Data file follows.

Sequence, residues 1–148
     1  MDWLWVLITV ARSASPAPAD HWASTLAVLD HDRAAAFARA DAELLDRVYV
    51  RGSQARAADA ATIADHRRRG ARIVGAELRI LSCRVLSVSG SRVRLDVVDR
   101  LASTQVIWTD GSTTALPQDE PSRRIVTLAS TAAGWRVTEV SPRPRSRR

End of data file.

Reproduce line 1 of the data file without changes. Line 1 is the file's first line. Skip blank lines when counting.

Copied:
Sequence, residues 1–148